In the petition to respondent court for the writ of habeas corpus it is alleged, among other things, that the decree of the district court in Montana had never been changed or modified and that petitioner had complied with all of the provisions of said decree with regard to payment of support for the two children. Petitioner further alleged that real party in interest had left Montana with the minor children for the purpose of hiding them and secreting them from him and of preventing his rights of visitation and custody.
On May 18, 1961, the respondent court issued its order that the writ of habeas corpus issue and be returnable on May 22, 1961; temporary custody remaining with Clydette. On said May 22, Clydette produced the minors in court and filed her ‘Return to Writ of Habeas Corpus.’
The substance of the return filed by real party in interest is that there has been a change of conditions affecting the best interest and welfare of the children since the entry of the decree in Montana; that petitioner is not a fit and proper person to have the custody of the children; that he has no permanent home other than a house trailer and has no one to care for the children while he is engaged in his employment and that he is addicted periodically to the excessive use of intoxicants. It is further alleged that real party in interest expects to obtain employment in Santa Barbara at higher wages than she could obtain in the State of Montana, in order to maintain a home for her children. She requested an investigation by the Probation Department of Santa Barbara County, stating that she is ready and willing to permit petitioner to have said children during the summer vacation period, provided that he remain sober and refrain from the use of intoxicating beverages.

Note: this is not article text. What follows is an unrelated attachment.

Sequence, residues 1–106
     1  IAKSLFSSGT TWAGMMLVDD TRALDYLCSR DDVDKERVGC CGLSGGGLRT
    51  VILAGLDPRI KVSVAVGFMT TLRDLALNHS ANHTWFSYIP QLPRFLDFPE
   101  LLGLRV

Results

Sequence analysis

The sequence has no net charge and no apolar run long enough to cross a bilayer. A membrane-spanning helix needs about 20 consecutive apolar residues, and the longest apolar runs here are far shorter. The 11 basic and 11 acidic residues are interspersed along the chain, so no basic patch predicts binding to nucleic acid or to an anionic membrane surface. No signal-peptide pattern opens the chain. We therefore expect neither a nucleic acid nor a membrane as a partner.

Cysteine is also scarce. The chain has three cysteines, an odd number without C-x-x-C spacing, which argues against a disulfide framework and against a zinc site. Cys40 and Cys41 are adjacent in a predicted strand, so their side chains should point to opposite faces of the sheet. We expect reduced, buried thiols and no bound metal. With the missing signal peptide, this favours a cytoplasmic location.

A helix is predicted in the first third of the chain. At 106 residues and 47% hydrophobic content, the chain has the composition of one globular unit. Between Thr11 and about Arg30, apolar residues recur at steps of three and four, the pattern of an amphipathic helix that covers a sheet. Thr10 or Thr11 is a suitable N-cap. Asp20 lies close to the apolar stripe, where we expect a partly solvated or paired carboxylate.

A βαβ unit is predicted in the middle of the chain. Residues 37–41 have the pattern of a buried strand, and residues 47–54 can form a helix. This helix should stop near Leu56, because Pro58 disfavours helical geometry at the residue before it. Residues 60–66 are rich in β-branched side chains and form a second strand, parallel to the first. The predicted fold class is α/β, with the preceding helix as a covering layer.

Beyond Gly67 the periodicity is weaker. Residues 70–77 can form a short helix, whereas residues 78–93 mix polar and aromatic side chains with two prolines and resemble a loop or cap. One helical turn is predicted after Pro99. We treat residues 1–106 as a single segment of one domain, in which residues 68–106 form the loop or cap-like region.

At the time set for hearing, petitioner moved to strike the said return and asked that the children be delivered to him under sections 4 and 4(b) of the Montana judgment of divorce. After the matter had been argued, the trial court held in denying the motion to strike, that under the decision of this court in Wiedmann v. Superior Court, 191 Cal.App.2d 548, 12 Cal.Rptr, 832, and the cases cited by both sides, it would be the duty of the court for the welfare and interests of the children to examine the proposed evidence in connection with the proposed change in circumstances as set forth in the return. The matter was then set for hearing on June 19, 1961.